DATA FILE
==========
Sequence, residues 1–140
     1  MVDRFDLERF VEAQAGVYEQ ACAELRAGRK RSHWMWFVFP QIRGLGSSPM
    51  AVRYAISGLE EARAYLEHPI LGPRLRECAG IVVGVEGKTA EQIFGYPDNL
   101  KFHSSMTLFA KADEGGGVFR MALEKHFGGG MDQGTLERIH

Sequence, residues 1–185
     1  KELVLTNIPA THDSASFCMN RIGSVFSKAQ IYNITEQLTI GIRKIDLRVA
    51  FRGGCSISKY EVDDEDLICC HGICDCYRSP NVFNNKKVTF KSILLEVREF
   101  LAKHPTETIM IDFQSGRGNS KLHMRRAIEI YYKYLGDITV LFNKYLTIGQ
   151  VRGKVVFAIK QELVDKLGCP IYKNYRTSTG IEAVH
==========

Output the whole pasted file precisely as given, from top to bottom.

Sequence, residues 1–140
     1  MVDRFDLERF VEAQAGVYEQ ACAELRAGRK RSHWMWFVFP QIRGLGSSPM
    51  AVRYAISGLE EARAYLEHPI LGPRLRECAG IVVGVEGKTA EQIFGYPDNL
   101  KFHSSMTLFA KADEGGGVFR MALEKHFGGG MDQGTLERIH

Sequence, residues 1–185
     1  KELVLTNIPA THDSASFCMN RIGSVFSKAQ IYNITEQLTI GIRKIDLRVA
    51  FRGGCSISKY EVDDEDLICC HGICDCYRSP NVFNNKKVTF KSILLEVREF
   101  LAKHPTETIM IDFQSGRGNS KLHMRRAIEI YYKYLGDITV LFNKYLTIGQ
   151  VRGKVVFAIK QELVDKLGCP IYKNYRTSTG IEAVH